Field Sobriety Tests in Fort Bend County
Charged with DWI from a field sobriety test?
If a law enforcement officer suspects that a driver is under the influence of alcohol, they may pull the driver over and administer a field sobriety test. These tests help determine if a person can perform the physical and cognitive functions of a normal, unimpaired person. To make sure that the tests accurately assess the level of impairment, the National Highway Traffic and Safety Administration (NHTSA) set up various guidelines on how to perform these tests. Unfortunately, field sobriety tests can be highly subjective and they can lead to unfair charges. If you have been charged with a DWI in Fort Bend County, then you should contact a Fort Bend criminal defense lawyer from the Law Office of John L. Venza Jr. who can give you effective legal defense strategies.
Different Types of Tests
There are three standardized field sobriety tests in which an officer may ask you to engage in, including the the one-leg stand, walk and turn, and horizontal gaze nystagmus test. Some other exercises may include standing with your feet together and tipping your head back, reciting the alphabet, counting backwards, and counting the number of fingers on an officer's hand.
The one-leg stand is performed by standing with one foot six inches off the ground while counting by thousands until the officer is satisfied. If the officer sees you putting your foot down before the test is over, swaying, hopping, or using your arms to balance, then he will most likely suspect that you are intoxicated. Though it is true that most normal individuals can perform this test, the conditions in which this test is often performed are often not the best. The passing headlights of other cars or an uneven roadway can make this test much more difficult. In addition, a person might have a physical condition that keeps them from properly performing this balance test.
The walk and turn test is meant to measure a driver's ability to follow directions, rather than their physical abilities as with the one-leg stand. The suspect will be instructed to take a certain amount of steps from heel to toe while counting out loud. While he or she is doing this, the officer will be checking if the person takes the proper amount of steps, stays on the imaginary line, counts out loud, and maintains balance. If the suspect misses two or more of the criteria, then the officer will may arrest the driver. As with the one-leg stand test, drivers often may not be able to perform well because of a physical or mental disability or perhaps even general nervousness.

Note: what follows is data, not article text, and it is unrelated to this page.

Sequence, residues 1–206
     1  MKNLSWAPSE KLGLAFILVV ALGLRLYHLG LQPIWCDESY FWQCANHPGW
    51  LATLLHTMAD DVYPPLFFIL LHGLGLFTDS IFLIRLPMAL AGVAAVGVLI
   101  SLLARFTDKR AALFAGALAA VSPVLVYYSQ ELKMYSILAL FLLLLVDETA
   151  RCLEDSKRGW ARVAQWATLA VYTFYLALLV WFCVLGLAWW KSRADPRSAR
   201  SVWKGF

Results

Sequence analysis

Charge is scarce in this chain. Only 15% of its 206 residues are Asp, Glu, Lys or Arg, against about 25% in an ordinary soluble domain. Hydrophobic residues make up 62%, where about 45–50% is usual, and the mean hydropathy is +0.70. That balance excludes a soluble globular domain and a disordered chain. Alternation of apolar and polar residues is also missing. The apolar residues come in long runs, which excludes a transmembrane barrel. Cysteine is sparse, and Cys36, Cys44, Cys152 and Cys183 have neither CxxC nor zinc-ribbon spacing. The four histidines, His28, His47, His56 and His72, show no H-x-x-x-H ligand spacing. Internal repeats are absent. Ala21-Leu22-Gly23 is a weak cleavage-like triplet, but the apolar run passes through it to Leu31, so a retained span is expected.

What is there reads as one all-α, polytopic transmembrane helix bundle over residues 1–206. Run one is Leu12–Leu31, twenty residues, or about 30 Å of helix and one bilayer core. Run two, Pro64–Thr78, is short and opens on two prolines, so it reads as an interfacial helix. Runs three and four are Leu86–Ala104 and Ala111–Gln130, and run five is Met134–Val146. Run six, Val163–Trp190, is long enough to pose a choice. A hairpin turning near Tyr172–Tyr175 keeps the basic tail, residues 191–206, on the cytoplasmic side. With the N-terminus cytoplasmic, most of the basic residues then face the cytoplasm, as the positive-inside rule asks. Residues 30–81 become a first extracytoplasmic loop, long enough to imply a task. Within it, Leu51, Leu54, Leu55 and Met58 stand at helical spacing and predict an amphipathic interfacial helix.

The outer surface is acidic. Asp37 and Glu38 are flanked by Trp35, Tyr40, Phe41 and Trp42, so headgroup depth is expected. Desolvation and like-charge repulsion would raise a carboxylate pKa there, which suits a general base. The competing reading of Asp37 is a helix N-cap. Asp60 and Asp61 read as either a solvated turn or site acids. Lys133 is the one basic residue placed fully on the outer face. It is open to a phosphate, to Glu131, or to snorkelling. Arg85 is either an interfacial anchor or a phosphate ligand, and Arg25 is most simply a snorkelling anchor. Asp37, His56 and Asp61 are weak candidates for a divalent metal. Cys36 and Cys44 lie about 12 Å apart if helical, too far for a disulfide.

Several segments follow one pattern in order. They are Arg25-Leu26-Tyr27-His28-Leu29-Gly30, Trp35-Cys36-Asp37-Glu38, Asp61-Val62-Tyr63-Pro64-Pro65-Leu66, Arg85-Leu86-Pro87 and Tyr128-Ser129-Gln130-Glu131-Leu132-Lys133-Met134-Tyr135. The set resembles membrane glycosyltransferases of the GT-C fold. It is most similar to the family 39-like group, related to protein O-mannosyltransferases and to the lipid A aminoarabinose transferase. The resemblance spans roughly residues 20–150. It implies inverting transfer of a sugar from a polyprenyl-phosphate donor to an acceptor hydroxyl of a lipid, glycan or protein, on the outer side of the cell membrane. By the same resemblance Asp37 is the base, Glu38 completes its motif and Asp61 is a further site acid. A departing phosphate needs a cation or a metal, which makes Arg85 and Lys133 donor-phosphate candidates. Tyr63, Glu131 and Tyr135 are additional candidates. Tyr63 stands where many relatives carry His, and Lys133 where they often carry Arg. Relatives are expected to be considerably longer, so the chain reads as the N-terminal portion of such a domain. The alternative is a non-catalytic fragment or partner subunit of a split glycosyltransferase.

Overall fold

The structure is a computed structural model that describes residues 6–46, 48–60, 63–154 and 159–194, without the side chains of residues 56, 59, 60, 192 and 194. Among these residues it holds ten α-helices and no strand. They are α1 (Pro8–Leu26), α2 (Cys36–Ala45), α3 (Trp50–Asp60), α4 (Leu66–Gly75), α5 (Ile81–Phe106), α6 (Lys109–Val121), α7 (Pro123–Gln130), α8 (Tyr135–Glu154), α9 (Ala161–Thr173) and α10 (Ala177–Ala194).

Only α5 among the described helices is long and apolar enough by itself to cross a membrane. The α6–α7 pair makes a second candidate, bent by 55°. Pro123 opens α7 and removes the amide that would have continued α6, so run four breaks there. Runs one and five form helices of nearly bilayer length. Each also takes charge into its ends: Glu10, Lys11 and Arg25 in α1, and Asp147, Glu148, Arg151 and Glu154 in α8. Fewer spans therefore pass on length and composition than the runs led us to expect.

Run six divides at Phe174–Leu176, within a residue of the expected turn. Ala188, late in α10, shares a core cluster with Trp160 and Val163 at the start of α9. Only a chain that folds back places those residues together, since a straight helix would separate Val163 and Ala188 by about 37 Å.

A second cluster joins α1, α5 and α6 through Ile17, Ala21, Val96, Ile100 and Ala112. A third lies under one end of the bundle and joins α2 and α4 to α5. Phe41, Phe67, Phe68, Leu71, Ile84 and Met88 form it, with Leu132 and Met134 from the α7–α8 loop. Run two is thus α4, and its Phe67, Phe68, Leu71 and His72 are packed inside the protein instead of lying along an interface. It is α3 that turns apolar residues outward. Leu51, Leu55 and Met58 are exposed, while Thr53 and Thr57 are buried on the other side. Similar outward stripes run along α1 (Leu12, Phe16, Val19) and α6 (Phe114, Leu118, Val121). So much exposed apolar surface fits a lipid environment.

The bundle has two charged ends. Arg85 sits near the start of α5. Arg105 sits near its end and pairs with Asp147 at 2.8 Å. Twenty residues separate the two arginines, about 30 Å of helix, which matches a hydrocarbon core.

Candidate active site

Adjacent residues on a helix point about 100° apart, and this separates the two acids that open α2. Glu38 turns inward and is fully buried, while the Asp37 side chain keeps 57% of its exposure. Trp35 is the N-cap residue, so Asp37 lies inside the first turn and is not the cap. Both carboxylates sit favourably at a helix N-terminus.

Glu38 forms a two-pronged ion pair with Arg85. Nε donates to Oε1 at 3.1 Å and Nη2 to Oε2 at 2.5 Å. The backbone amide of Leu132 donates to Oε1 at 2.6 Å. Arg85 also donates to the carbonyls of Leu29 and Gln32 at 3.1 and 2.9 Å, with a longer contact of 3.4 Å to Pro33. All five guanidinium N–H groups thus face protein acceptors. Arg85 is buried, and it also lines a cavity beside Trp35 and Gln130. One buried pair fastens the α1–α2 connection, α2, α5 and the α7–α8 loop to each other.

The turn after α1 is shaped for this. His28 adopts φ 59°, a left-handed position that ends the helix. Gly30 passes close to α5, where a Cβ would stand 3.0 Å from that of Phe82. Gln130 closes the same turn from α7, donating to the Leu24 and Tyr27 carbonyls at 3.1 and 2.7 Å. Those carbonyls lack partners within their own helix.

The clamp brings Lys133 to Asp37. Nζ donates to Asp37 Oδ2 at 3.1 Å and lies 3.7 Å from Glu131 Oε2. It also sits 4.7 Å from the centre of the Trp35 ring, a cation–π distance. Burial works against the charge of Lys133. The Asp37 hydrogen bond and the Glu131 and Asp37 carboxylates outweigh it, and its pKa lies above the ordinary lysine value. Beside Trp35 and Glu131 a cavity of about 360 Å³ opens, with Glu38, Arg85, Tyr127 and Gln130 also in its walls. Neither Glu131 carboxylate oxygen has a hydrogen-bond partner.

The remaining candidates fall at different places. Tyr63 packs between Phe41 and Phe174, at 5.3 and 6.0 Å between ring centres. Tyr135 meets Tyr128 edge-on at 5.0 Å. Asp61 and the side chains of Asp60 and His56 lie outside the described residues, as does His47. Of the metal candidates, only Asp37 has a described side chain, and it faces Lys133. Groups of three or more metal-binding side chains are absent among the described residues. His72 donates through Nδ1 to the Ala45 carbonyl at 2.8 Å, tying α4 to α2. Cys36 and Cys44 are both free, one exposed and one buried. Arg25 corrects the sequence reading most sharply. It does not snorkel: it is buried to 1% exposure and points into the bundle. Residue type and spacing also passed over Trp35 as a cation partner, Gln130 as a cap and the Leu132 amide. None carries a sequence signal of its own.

The horizontal gaze nystagmus test (HGN) measures the involuntary jerking of a suspect's eyeballs, as this action generally increases under the influence of alcohol. The HGN is generally considered to be the most scientific of the three tests. To perform the test, you must follow a small object with your eyes while keeping your head still. The officer will check to see if you can smoothly follow the object with your eyes. If there is increased jerking when your eyes reach the side, and if jerking starts before your eyes are at a 45 degree angle, they may believe that you are heavily intoxicated. As with other tests, medical conditions or other outside elements can greatly influence the outcome of this test.
Are there any penalties for refusing to take a field sobriety test?
Currently, there are no penalties for refusing to take a field sobriety test. A law enforcement officer may use these exercise to establish probable cause so they can administer a chemical test. In the event that an officer asks you to take a chemical test like the breathalyzer, then there are penalties for refusing, such as license suspension. This falls under the principle of implied consent, which states that when you drive a car, you are agreeing to let the state chemically test you for your blood alcohol content (BAC) level. If you should choose not to perform a field sobriety test, then it is important that you remain respectful and non-confrontational when informing the officer of your decision.
Contact a DWI Attorney Today!
Have you been charged with DWI in Fort Bend County because of a field sobriety test? If so, you should hire a DWI lawyer from my firm to investigate your case and fight for your rights! My legal team will thoroughly look into the circumstances surrounding your case and all related evidence to make sure that there was no foul-play. Since I have experience as a former prosecutor, I have unique knowledge of the prosecution's strategies and how to defend you against them.
Don't leave your future to chance, but let an attorney who has a winning trial record in a DWI cases fight for you! Contact a criminal defense lawyer today for your free initial consultation.
Developing the right strategy and using my connections in the legal community, I will do my best to get your case dismissed so you can move on with your life.
Should You Talk to the Police Without a Lawyer Present?
- Criminal Law
DUI vs. DWI in Texas: What's the Difference?
Understanding the Differences Between Robbery and Aggravated Robbery in Texas
- Theft Crimes
Understanding the Long-Term Effects of a DWI Conviction
Truth Be Told: A Deeper Look into False Claims
- Criminal Defense,
- Criminal Law
Probation Violation and Rehab
- Criminal Law